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SALT LAKE CITY — Utah health officials reported 13 COVID-19 deaths on Friday, along with 2,808 new cases.
The rolling seven-day average for new positive tests is now 3,295 per day. The seven-day average for positive tests is currently 40.7%, continuing a downward trend, according to the Utah Department of Health.
School children account for 362 of the new cases. Of those cases, 172 were children between ages 5 and 10, 81 were children 11-13, and 109 were children 14-17.
The health department reported another 6,443 people have been tested.
There are currently 782 people hospitalized in the state with COVID-19, with 182 of those patients in intensive care, according to the health department. In all, there have been 31,796 hospitalizations due to COVID-19 since early 2020.
Health officials estimate that the last 28 days, Utahns who are not vaccinated have a 2.3 times higher risk of testing positive for COVID-19, a 4.7 times greater risk of being hospitalized, and a 8.6 times greater risk of dying from COVID-19.
When comparing the same data figures for statistics between Feb. 1, 2021 and now, to those from the last four weeks, the risk to unvaccinated Utahns has been higher during the last four weeks with the omicron variant. Since that time, Utahns who are not vaccinated have a 1.5 times higher risk of testing positive for COVID-19, a 4.2 times greater risk of being hospitalized, and a 6.6 times greater risk of dying from COVID-19.
There have been a total of 898,267 positive cases of COVID-19 in Utah since the pandemic began, as well as 4,173 deaths due to the coronavirus.
The 13 deaths reported Friday include:
- A Box Elder County man between the ages of 65 and 84, who was hospitalized when he died.
- A Davis County woman, 45-64, hospitalized.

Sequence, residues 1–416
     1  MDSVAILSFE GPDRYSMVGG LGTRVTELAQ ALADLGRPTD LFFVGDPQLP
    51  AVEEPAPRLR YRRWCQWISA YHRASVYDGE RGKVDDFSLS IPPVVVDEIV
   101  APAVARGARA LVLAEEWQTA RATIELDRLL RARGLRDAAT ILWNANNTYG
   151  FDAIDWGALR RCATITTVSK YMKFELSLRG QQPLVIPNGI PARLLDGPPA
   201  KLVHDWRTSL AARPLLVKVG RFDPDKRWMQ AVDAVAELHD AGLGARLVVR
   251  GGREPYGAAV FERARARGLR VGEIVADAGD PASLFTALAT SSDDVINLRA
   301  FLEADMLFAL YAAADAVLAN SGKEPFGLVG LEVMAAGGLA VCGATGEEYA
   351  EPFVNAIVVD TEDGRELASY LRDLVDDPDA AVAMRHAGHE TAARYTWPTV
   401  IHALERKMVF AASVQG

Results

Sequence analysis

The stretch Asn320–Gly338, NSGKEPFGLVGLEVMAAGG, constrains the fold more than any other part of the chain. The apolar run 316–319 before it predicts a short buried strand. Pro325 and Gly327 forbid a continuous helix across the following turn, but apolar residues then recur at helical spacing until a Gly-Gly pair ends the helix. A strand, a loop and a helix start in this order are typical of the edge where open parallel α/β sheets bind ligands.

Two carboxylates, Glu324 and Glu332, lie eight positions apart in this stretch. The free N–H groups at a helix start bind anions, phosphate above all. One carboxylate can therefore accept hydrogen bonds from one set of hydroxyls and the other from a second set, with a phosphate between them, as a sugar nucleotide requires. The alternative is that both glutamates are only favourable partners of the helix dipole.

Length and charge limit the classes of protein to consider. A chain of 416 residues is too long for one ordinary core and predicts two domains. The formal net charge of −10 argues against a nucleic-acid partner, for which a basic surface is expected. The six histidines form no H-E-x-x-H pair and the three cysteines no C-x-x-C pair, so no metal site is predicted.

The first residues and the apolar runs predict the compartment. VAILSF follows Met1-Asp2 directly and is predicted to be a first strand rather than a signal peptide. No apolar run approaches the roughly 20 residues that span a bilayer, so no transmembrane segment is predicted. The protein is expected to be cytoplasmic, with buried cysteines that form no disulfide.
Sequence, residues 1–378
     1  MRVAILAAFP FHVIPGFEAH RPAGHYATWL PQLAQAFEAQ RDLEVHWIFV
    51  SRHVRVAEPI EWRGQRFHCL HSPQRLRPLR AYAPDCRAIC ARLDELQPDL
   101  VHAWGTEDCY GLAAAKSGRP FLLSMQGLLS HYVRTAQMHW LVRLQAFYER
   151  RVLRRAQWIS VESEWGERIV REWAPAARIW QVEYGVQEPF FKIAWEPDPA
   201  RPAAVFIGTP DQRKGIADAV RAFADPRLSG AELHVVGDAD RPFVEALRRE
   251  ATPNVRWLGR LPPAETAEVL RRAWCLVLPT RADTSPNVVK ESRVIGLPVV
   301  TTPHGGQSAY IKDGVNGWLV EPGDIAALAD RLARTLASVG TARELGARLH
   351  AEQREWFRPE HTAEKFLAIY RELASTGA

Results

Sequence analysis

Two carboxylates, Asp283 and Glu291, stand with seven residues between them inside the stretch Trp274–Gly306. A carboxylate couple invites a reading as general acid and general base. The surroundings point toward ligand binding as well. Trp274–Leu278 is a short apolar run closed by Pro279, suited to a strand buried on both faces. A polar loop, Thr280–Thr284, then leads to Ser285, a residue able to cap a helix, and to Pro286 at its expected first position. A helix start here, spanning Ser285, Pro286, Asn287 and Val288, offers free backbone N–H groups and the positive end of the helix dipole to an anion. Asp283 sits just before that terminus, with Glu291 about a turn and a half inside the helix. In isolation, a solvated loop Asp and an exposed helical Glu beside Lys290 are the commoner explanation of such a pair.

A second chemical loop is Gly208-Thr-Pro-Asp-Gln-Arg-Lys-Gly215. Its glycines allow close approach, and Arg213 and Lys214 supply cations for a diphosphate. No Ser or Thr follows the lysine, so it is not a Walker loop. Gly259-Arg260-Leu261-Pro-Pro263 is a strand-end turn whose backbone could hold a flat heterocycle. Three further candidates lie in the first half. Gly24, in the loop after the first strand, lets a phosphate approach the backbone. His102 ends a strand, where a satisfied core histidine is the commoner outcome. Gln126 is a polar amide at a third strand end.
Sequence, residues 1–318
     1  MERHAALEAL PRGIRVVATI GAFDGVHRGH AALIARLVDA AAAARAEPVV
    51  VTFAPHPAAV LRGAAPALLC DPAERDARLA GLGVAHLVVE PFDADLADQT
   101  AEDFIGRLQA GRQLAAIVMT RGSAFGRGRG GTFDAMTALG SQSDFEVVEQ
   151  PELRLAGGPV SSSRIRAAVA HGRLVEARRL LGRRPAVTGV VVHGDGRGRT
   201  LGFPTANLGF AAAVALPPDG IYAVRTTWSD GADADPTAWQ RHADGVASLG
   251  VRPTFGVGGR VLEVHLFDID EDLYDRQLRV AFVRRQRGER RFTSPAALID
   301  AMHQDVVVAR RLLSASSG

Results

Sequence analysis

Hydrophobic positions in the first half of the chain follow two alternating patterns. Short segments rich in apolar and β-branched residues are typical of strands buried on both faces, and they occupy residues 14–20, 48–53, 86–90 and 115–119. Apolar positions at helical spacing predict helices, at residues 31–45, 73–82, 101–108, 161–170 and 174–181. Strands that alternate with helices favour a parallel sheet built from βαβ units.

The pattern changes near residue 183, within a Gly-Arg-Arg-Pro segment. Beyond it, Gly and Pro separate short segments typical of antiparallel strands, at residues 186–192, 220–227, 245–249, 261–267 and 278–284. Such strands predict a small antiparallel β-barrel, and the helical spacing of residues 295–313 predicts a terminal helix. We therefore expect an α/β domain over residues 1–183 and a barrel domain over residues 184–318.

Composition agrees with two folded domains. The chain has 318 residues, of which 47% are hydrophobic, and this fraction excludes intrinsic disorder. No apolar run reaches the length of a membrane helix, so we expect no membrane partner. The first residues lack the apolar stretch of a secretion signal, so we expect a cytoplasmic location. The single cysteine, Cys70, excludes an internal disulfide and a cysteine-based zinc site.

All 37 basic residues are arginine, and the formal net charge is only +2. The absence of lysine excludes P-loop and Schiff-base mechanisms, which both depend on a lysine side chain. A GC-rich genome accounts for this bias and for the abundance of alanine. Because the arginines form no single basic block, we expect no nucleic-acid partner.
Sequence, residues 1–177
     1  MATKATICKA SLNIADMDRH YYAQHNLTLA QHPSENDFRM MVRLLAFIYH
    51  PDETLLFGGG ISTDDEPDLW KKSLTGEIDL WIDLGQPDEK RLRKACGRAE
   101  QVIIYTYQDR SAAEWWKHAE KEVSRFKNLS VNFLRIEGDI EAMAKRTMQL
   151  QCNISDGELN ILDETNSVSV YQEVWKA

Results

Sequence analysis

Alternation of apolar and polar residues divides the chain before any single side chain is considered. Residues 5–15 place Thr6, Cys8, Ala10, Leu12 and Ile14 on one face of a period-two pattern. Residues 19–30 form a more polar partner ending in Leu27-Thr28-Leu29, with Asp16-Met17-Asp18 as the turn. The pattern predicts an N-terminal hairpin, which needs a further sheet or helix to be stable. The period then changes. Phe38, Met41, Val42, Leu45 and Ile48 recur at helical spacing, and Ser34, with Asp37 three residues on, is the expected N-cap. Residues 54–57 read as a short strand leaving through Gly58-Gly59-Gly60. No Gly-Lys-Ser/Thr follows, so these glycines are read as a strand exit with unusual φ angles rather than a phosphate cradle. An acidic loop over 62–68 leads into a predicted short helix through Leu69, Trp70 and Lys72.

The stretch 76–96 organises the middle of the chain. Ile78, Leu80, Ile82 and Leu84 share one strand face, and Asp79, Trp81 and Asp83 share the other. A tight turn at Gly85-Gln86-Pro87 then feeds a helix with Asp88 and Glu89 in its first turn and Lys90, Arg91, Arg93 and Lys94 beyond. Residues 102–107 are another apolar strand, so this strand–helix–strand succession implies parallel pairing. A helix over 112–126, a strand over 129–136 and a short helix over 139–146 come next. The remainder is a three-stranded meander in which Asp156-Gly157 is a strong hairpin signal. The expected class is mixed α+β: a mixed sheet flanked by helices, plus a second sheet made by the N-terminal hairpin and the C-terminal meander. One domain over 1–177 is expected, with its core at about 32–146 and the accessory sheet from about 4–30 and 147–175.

- A Davis County woman, 65-84, hospitalized.
- A Davis County man, 65-84, not hospitalized.
- A Davis County man, over 85, hospitalized.
- An Iron County man, 65-84, hospitalized.
- A Juab County man, 65-84, hospitalized.
- Two Salt Lake County women, 45-64, both hospitalized.
- A Salt Lake County man, 65-84, hospitalized.
- A Tooele County man, 65-84, hospitalized.
- A Washington County woman, 65-84, hospitalized.
- A Weber County man, 65-84, hospitalized.
The U.S. Centers for Disease Control and Prevention announced on Friday that it is now reporting data about wastewater tests which are done to evaluate which areas are dealing with more COVID-19 cases. Previously this data has been reported by states, but Amy Kirby, who is a lead for the CDC program, said this report will allow people to compare data throughout other states.
The effort to test waste water began in September 2020. There are currently over 400 testing sites in 37 states, four cities and two territories. Kirby said hundreds of new testing sites will be added to that in the coming weeks.
The CDC website will only report the latest 15 days of data, Kirby said, so that data remains accurate.
Wastewater tests are one of the earliest indicators of an increased number of COVID-19 cases, she said, and the data can be an early warning system that COVID-19 is emerging in the community.
"This important advantages can inform important public health decisions, such as where to implement mobile testing and vaccination sites," Kirby said.
She also said that the data can be used to help hospital systems plan where to move their resources so that they are in place where they are most needed as an outbreak is starting.
Currently, Utah's testing sites are all reporting an 80-100% prevalence of COVID-19 in wastewater, according to the CDC website. Many of the locations, however, indicate that the percent positive rate has been getting lower in that range over the last 15 days.